03 March 2013

Seeing the Trees for the Forest

A three-peat of grist for both the quant and macro-policy mills, all in today's NY Times (that's a surprise). Both versions of this endeavor have mentioned the importance of the Bretton Woods agreement to both the growth of the US economy, and thence its collapse post-OPEC oil embargoes. That's covered in a book review relating how Bretton Woods got done.
America was unscathed at home and far stronger in 1945 than in 1941. Owner of the bulk of the world's gold bullion, a stunning 20,000 metric tons, the United States wanted to emerge from World War II with fixed conversion rates assured by a dollar tied to gold. And it went without saying that it was bent on becoming the globe's financial capital.

In other words: the USofA ran international finance. One effect was to create a blue collar middle class, never seen before in human history, which supported not only production domestically, but provided a market for the rebuilding economies of both the Allies and the Axis Powers. We gave with one hand (Marshall Plan), and taketh away with the other (Bretton Woods).
Although America's global dominance has long since melted away, no substitute is yet strong enough to shove the dollar aside, in part because of Bretton Woods.

Next, The Great Divide, a continuing series muses on the notion of consumption versus capital. I don't agree with much of the argument, but it's impossible to ignore this:
A consumption bias, economists argue, is not a bad thing, as it leads to cheaper goods for Americans. And after all, someone has to do the consuming -- otherwise, whom would the Germans and Chinese export to?

Of course, no one.

Which leads to Friedman's take on a climate change report. I've been unable to track down reporting I read ages ago, which asserted that the dissolution of the USSR wasn't Gorbachev's policy, but rather a rebellion driven by extended crop failures. This always made more sense. Now, we have reporting that crop failures motivated revolts in Arabia.
The numbers tell the story: "Bread provides one-third of the caloric intake in Egypt, a country where 38 percent of income is spent on food," notes Sternberg. "The doubling of global wheat prices -- from $157/metric ton in June 2010 to $326/metric ton in February 2011 -- thus significantly impacted the country's food supply and availability." Global food prices peaked at an all-time high in March 2011, shortly after President Hosni Mubarak was toppled in Egypt.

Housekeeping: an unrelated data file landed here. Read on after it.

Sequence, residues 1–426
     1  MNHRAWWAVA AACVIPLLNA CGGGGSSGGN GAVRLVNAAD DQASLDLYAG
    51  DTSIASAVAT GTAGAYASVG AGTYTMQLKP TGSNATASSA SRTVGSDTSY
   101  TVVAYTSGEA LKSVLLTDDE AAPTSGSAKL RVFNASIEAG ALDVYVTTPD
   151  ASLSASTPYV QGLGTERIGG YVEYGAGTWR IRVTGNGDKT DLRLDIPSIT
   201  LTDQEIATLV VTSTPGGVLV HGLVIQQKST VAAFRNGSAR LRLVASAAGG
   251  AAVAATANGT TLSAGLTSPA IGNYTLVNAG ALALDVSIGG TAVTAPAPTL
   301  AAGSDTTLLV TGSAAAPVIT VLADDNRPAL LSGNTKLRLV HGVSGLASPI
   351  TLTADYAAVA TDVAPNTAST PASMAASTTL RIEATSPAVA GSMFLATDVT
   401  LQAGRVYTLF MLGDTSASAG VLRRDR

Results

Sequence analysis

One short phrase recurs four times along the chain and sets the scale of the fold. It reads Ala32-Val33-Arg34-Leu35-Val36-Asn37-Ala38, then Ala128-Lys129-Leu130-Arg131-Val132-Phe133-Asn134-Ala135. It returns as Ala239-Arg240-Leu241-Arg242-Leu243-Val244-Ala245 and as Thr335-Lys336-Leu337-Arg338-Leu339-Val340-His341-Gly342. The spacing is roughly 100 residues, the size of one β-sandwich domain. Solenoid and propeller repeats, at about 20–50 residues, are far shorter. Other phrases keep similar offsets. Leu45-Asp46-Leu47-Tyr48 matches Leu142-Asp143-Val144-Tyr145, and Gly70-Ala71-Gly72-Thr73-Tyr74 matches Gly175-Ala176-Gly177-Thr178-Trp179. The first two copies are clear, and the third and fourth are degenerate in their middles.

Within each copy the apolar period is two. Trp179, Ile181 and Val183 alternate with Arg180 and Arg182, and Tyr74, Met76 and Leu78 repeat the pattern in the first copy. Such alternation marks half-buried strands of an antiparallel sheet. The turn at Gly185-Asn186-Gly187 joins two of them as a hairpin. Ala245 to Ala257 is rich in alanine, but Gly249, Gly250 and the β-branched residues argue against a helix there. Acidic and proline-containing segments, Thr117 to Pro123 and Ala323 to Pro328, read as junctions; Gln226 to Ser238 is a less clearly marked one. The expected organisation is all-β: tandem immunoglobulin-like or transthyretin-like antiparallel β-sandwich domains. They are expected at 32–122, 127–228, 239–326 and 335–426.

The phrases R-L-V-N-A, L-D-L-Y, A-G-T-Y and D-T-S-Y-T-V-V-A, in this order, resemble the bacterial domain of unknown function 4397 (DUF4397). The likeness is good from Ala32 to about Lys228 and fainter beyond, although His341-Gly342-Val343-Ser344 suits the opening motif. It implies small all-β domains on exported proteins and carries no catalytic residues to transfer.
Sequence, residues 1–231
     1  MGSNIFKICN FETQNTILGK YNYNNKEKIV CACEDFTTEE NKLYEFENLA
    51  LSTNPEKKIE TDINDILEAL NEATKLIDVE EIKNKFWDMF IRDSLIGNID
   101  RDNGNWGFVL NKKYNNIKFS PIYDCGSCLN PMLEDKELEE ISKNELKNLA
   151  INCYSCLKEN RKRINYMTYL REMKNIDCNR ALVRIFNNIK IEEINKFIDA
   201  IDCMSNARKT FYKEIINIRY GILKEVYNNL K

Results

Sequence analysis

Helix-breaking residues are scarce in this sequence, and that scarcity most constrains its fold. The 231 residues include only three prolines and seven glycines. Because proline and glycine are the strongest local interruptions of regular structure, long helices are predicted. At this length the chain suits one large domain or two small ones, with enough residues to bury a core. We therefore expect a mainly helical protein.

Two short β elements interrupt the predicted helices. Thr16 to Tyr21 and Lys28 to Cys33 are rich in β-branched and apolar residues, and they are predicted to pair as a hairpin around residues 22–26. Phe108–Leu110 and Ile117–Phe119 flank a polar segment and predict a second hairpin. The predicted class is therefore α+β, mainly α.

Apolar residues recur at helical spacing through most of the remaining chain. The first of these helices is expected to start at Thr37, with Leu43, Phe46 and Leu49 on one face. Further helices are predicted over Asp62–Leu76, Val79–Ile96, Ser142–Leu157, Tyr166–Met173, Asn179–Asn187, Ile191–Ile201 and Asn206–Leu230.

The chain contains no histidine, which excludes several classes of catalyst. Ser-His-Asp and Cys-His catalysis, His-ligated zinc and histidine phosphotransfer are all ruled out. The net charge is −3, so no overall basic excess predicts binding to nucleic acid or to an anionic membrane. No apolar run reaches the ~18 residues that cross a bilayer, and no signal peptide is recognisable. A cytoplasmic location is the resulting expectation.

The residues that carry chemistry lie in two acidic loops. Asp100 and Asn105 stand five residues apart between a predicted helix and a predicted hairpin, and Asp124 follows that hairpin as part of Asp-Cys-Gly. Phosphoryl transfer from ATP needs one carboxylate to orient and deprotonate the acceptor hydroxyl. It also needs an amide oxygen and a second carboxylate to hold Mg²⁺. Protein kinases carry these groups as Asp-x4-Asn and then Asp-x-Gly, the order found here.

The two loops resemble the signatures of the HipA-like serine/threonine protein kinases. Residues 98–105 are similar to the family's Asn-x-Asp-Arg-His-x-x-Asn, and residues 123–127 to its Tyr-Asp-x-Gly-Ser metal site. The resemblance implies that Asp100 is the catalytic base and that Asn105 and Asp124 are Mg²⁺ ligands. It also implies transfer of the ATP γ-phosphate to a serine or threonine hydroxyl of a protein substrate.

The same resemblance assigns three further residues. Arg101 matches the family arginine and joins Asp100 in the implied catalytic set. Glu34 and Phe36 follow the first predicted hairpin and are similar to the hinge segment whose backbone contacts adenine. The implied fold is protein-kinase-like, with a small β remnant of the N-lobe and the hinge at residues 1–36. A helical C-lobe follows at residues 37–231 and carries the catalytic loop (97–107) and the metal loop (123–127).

Consider this: The world's top nine wheat-importers are in the Middle East: "Seven had political protests resulting in civilian deaths in 2011," said Sternberg. "Households in the countries that experience political unrest spend, on average, more than 35 percent of their income on food supplies," compared with less than 10 percent in developed countries.

Everything is linked: Chinese drought and Russian bushfires produced wheat shortages leading to higher bread prices fueling protests in Tahrir Square. Sternberg calls it the globalization of "hazard."

For the macro-policy folks: it's the distribution. For the quants: policy trumps data every time; more specifically policy responses to bad things happening in the world. Whether climate change is a perpetual Black Swan herd (yes, I just looked it up) or not, quants need look out the window to know what's going on.

Or not. Phil Factor relates:
I remember when a 'rocket scientist' friend of mine in the City of London worked out, a while ago, that the price of sugar futures contracts correlated directly with the weather in Chicago.
Why? Chicago was the center of the bulk of sugar futures trading, at the time. The traders merely looked out of the windows and reacted instinctively.

There be dragons.

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